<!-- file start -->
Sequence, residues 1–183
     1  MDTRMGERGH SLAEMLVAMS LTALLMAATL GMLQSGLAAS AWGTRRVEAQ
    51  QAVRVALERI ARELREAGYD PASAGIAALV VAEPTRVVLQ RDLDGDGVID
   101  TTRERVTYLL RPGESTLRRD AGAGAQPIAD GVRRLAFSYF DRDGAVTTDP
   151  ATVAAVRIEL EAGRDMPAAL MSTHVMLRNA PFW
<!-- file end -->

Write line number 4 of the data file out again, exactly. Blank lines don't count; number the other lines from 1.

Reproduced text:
   101  TTRERVTYLL RPGESTLRRD AGAGAQPIAD GVRRLAFSYF DRDGAVTTDP